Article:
Eventually the road climbed up, leaving the colourful lava fields below. The climb was not particularly technically difficult, but due to the overcast conditions the higher I got the less I could see. This was made even more challenging as in the higher parts of the trail the path itself was not particularly well defined, and walking was done from snow pole to snow pole. And you couldn’t see the next snow pole from the one you were at. So it was a case of head away from your pole in what you *think* is the right direction until you spot the next one. To make things even more interesting, some of the walking was actually above the snow line.

By the time the walking had become like this, I was in a part of the trail I affectionately christened “the bleak”. The surrounding scenery may have been quite beautiful, but due to the limited visibility I couldn’t really say. And what I could see was, quite frankly, rather depressing. Nothing. Some gravel and some fog. But I should let you judge.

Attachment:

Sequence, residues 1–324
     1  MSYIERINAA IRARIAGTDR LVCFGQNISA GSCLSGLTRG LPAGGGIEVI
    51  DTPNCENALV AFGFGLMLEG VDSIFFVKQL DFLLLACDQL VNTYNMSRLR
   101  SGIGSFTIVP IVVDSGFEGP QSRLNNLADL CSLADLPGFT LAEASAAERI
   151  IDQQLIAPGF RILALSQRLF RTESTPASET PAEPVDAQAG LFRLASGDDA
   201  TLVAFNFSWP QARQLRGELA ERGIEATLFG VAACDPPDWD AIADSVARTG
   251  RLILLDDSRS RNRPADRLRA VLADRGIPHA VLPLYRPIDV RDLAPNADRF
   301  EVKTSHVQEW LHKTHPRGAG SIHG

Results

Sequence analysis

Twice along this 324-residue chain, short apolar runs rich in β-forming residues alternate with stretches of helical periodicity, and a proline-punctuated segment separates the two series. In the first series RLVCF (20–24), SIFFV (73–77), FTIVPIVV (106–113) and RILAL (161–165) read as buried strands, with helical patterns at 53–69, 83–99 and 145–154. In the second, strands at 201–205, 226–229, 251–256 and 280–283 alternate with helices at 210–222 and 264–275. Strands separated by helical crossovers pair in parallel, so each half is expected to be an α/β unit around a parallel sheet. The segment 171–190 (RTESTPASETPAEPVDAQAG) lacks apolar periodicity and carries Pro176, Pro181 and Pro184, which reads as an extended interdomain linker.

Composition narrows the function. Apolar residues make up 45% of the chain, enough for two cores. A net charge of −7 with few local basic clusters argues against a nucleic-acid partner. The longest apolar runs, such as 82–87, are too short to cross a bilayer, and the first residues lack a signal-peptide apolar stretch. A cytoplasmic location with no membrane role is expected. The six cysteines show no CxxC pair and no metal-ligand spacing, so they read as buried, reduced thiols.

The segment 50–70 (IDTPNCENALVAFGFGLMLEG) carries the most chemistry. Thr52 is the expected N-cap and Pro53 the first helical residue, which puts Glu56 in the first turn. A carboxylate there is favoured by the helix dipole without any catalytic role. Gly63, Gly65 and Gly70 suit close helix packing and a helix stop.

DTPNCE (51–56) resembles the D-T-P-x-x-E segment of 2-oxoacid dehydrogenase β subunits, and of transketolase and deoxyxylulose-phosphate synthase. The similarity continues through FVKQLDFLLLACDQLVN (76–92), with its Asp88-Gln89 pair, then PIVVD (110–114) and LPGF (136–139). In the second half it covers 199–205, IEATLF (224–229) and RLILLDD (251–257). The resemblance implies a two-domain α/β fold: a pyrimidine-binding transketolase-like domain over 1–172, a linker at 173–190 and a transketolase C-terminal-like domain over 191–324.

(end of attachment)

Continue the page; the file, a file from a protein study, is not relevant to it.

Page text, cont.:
A more interesting portion of “the bleak”.

And “the bleak” in her full glory.









I finally made it to my campsite, which was cold, windy and rocky, although they had kindly built us wind shelters out of rocks so my little tent didn’t get too buffeted. Although I was tired enough I reckon I would have been able to sleep even if the tent had been blown down the mountain with me in it!

Me happy to have made it to the top and inside my *warm* tent.